Why you may have noticed a change in the taste and smell of Aquidneck Island drinking water
PORTSMOUTH — Have you noticed a change in the smell or taste of your drinking water? You're not alone.
Jessica Lynch, general manager and chief engineer of the Portsmouth Water and Fire District, told The Daily News the department has received "a few complaints about taste and odor of the drinking water" and explained why it could be happening.
Portsmouth purchases all of its water from the Newport Water Division, which draws its raw water supply from a system of nine surface water reservoirs: Lawton Valley Reservoir, Sisson Pond and St. Mary’s Pond in Portsmouth; Nonquit Pond in Tiverton; Watson Reservoir in Little Compton; North and South Easton Ponds in Middletown and Newport; and Paradise Pond and Gardner Pond in Middletown.
While the drought conditions this summer have not impacted the water supply, Lynch said, the dry summer did have an effect on the water's taste and smell. She pointed to four main causes:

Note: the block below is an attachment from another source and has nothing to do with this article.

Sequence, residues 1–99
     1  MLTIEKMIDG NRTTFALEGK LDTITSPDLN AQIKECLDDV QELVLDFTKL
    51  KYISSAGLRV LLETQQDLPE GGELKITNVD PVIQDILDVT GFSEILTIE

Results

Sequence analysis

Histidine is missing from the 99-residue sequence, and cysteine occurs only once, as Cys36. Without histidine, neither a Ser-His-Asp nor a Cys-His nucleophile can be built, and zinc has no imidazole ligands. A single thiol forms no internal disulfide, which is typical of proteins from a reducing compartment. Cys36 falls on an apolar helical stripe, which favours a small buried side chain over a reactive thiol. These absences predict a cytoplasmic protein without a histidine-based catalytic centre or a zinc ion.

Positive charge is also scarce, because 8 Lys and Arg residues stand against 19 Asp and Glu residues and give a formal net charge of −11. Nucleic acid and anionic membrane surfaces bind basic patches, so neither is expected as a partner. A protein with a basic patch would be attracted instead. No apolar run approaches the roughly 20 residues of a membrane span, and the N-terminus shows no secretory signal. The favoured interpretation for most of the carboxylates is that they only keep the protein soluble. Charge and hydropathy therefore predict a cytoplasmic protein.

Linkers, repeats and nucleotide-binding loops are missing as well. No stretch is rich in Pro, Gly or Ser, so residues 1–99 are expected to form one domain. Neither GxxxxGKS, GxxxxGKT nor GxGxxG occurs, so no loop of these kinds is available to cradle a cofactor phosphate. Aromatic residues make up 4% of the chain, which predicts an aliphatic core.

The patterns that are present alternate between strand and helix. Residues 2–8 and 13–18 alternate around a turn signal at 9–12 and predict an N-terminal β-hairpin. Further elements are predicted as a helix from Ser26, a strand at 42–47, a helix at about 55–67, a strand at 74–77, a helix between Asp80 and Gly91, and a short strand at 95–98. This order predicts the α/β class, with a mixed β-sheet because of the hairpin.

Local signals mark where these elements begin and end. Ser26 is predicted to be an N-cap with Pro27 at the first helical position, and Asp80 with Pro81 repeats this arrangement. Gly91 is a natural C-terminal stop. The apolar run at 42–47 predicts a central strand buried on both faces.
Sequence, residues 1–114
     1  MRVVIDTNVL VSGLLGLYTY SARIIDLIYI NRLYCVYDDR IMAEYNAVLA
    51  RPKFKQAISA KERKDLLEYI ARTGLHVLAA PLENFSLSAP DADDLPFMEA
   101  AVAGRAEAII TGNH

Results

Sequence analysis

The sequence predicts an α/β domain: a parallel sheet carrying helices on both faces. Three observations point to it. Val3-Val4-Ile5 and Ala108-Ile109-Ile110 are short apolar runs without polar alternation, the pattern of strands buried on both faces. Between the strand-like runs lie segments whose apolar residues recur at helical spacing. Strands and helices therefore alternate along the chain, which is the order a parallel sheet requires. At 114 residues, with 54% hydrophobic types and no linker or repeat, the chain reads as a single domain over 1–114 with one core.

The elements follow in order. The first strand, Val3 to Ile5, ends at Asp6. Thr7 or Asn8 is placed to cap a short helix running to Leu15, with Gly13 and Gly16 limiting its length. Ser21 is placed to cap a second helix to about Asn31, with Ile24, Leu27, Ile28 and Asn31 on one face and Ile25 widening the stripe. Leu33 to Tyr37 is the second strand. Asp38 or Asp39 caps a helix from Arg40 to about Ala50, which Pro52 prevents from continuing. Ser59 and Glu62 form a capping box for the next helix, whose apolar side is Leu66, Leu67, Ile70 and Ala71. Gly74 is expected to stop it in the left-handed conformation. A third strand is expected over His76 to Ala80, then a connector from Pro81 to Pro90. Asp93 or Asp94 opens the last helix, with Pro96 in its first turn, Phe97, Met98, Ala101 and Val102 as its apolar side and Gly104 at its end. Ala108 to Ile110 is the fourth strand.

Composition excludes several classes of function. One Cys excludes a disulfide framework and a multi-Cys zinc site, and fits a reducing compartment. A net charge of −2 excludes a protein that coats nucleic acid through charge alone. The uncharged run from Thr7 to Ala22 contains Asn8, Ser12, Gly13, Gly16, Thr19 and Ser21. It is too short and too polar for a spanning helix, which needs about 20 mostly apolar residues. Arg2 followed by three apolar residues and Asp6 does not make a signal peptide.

• The water conservation recommendations under the Drought Advisory could increase taste and odor issues within the system.
• In a sudden heavy rain event, the watershed may rapidly runoff into the reservoirs and spike levels of contaminants in the water.
• Warmer water requires more treatment chemicals, specifically disinfectants (i.e., Chlorine), which may result in some noticeable chlorine taste and odor.
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• Warmer water results in intensified dissolution of nutrients, dissolved metals, increased algae growth, and other factors that can impact taste and odor.
Other communities on Aquidneck Island, as well as Naval Station Newport, are likely experiencing similar issues with the water, Lynch said. She stressed the drinking water is safe.
"The quality of our water has been certified to meet or exceed all requirements of the Safe Drinking Water Act," Lynch said. "Both the Portsmouth Water District and Newport Water Department are committed to providing our customers with safe drinking water that meets all (Environmental Protection Agency) and state drinking water standards."
This article originally appeared on Newport Daily News: Portsmouth, RI, drinking water taste, smell impacted by drought